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WV writers contest/ Lessons in Losing and Winning.

I'm learning that there are lessons in losing and winning writing contests.
Today I'm mourning not winning something, even honorable mention,  in the West Virginia writing contest, winners announced last night. Four stories. Four stories, my babies, not cuddled or swaddled, or rocked.

I decided to give myself 15 minutes to be sad for myself and for them.
Then I'd get to work again! AND work harder.

The lesson in winning is that you have a few seconds of a  high and it's over. You walk around feeling great about yourself and you don't have to get back to writing right away because after all you are a winner. Someone thinks your writing is good.

The lesson in losing is that you have a few minutes of mourning and you get busy getting better at your craft. Affirmation is good but getting better at your craft is even better.

I have many reasons - excuses - for losing and none for winning. Winning is the epitome, the proof that I can write.

Often when I lose I figure it's not any failing on my part, someone else made me do it. I was too busy with family things. I was taking care of business. I was I was I was. I wasn't writing. And I wasn't honing enough.

Judging is a tough job. The judge has his own system in which he judges by. He likes and dislikes particular types of writing. You can't expect one judge to like everything that comes across his desk.

I already know the path I'm on and where I'm going next in my writing life.

I've had a great time lately blogging, journaling, working sporadically on a novel or two or three and it's making me happy. So that's what you'll find me doing on any given day.

Right now we're watching the triplets and their little brother. Sharing with my daughter Lisa.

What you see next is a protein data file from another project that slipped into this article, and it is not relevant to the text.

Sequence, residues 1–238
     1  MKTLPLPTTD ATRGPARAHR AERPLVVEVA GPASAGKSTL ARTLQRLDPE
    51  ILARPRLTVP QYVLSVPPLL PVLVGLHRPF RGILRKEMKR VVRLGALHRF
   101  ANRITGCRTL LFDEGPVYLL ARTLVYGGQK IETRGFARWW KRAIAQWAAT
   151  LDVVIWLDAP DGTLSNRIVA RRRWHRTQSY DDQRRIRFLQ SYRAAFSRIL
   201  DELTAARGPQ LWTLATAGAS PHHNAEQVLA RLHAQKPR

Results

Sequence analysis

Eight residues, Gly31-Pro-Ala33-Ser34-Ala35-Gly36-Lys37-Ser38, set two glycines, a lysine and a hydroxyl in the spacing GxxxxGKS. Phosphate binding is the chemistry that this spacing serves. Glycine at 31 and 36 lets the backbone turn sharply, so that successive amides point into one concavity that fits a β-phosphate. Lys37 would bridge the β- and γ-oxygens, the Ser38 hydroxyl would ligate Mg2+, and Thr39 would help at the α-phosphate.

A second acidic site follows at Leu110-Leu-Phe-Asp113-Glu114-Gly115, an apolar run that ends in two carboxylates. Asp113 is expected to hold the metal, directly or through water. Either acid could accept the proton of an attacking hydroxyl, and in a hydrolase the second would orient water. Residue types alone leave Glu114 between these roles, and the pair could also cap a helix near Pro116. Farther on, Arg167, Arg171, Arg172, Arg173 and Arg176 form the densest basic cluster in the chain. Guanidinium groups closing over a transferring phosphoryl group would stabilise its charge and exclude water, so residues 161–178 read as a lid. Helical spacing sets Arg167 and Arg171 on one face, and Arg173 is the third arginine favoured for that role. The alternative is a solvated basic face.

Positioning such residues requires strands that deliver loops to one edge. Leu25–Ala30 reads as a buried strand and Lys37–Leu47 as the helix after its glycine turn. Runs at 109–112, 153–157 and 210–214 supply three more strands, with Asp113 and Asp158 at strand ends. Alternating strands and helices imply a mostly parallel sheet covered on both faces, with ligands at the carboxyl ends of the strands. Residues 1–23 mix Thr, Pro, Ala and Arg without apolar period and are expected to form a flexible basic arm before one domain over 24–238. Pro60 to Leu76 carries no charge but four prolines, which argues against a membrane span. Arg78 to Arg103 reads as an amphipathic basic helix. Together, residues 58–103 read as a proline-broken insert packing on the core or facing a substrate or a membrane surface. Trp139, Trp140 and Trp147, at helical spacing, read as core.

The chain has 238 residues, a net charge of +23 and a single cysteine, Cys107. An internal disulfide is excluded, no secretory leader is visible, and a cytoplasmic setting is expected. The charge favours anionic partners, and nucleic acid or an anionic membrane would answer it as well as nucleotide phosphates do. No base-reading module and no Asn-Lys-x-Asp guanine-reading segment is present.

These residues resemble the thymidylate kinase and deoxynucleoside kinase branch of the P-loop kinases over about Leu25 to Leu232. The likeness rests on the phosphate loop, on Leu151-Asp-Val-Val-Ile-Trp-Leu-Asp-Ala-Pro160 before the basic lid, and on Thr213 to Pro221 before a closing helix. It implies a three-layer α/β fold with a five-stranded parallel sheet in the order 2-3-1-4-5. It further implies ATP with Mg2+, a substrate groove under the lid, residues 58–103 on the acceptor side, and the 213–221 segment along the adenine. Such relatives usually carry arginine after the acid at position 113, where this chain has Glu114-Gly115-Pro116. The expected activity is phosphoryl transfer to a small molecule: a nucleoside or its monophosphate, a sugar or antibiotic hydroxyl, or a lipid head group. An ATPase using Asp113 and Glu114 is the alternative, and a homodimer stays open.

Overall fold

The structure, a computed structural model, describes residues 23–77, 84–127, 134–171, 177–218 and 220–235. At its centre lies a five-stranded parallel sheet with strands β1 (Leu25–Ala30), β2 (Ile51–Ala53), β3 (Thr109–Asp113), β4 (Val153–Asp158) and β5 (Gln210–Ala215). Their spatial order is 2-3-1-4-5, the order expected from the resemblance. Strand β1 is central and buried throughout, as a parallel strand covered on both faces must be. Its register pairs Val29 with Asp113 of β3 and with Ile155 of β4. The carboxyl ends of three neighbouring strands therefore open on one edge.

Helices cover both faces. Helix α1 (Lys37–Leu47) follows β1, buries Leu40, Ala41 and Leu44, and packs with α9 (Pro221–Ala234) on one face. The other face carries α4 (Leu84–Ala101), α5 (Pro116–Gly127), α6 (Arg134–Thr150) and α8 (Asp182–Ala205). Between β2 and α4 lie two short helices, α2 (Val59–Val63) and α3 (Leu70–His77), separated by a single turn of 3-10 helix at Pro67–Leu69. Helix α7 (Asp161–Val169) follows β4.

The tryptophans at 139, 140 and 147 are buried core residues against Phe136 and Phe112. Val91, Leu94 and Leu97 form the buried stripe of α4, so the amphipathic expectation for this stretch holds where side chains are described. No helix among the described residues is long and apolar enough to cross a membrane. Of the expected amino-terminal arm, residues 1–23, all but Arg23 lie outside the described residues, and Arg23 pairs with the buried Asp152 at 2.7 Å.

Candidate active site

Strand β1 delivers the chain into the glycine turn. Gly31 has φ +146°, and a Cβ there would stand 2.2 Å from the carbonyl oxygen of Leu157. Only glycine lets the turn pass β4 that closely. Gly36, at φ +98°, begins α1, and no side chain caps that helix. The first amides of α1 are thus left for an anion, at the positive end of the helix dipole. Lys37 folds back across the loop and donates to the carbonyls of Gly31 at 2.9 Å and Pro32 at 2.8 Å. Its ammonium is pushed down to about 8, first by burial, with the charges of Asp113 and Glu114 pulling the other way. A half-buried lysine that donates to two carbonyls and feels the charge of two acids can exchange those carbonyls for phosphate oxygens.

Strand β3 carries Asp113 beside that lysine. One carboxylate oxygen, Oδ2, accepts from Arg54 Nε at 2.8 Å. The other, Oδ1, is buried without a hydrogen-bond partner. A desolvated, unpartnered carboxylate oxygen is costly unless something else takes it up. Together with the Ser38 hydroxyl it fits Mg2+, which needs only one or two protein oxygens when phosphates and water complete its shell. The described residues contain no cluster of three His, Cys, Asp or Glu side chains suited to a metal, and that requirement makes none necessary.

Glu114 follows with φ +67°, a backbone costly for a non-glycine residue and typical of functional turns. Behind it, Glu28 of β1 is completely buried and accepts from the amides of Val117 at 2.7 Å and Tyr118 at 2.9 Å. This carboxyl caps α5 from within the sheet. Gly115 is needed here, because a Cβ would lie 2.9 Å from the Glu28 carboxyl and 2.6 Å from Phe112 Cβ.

They are grist for the mill believe me. I've learned how to give a headlock, how to aggravate a little sister if I had one, how to be shot in the eye with a water shooter, and how to shoot back, I've learned how to make four plates of food and four drinks in under five minutes and I've learned how to rock four kids in one rocking chair.

It's been a good summer thus far.

Sometimes losing is actually winning.
Blessings to all who won and lost at the contest business.
Today I'm in the Nana Barb business - where I'm always the winner.
Have a great rest of this Sunday.
God bless.


  1. I listened for your name last night Barbara. Your not winning does not mean that your work was not good, just that this particular judge did not choose it. Another judge could have picked you as a winner. I won 3rd HM in the children's story division and 2nd in Poetry on the writing wall. I am very happy with that, and it has given me a boost to continue my writing. We all need a little boost now and then. I've seen some of your writing, you are a very good writer!

  2. I'm so sorry you didn't win this time, but I'm sure a victory is on the horizon for you. You have the right attitude about it all and you also have your priorities correct...being a Grandma is the best prize!